Your Career & the Library Legacy

I like and especially the article on mentoring and the bit about alternative careers (Sex Toy Shop??!!)


There are countless ways to develop yourself professionally, and you don’t have to do them all at once.  A good place to start is to work with a mentor.  A mentor can help you learn the ropes of librarianship as a whole, can guide you towards deepening your knowledge of your present area of focus, and perhaps most importantly, can help you define and reach career goals you feel passionately about.

Mentoring is very important to me and I think it should be a priority for new librarians to seek out a mentoring relationship. I was very lucky to have a mentor through many years at SJCPL. Linda Broyles, Head of Reference and the Coordinator of Networks, was my direct supervisor for 6 years and I learned so much from her about the job but also about dealing with people. To be a humanist in managing libraries and technology is pretty darn cool. She always encouraged me to see the big picture and to make sure we were doing the right thing for each project we dove into. To be a mentor takes time, commitment and a sense of the big picture. If I ever mentor a young librarian, I hope to be just like Linda.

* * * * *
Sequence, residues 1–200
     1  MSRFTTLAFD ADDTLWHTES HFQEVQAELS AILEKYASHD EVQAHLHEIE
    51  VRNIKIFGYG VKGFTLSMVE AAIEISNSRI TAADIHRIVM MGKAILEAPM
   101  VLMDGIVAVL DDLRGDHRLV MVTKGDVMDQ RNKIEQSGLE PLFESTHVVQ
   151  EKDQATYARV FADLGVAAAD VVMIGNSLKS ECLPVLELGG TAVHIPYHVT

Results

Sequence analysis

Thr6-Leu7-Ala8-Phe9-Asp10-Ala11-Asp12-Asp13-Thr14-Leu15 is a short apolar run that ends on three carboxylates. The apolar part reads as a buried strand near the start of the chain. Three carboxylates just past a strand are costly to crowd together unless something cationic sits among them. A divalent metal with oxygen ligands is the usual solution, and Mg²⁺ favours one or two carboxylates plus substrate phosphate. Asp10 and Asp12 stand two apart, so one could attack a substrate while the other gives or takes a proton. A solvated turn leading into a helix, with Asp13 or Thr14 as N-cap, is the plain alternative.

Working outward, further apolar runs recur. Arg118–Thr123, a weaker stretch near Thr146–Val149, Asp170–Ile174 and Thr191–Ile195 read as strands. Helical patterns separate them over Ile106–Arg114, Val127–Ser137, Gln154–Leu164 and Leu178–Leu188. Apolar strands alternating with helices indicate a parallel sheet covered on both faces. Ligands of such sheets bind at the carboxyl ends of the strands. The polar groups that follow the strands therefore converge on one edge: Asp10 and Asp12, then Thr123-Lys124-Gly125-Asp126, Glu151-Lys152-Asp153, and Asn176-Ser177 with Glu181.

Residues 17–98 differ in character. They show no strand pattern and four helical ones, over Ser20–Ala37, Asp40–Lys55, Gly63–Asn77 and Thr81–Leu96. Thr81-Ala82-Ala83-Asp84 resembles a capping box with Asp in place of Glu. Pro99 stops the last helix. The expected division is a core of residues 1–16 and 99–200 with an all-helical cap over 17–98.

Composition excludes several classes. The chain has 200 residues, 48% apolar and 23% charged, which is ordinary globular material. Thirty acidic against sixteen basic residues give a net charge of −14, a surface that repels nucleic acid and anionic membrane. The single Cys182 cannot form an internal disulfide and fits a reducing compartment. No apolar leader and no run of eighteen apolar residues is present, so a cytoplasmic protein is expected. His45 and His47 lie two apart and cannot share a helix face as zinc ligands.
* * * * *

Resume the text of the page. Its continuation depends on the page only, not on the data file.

Also, isn't mentoring like leaving a little bit of a legacy with someone who will hopefully pass it on? My library legacy? Linda's library legacy?

Thanks Beyond the Job!!!

Posted: Thu - December 11, 2003 at 08:10 AM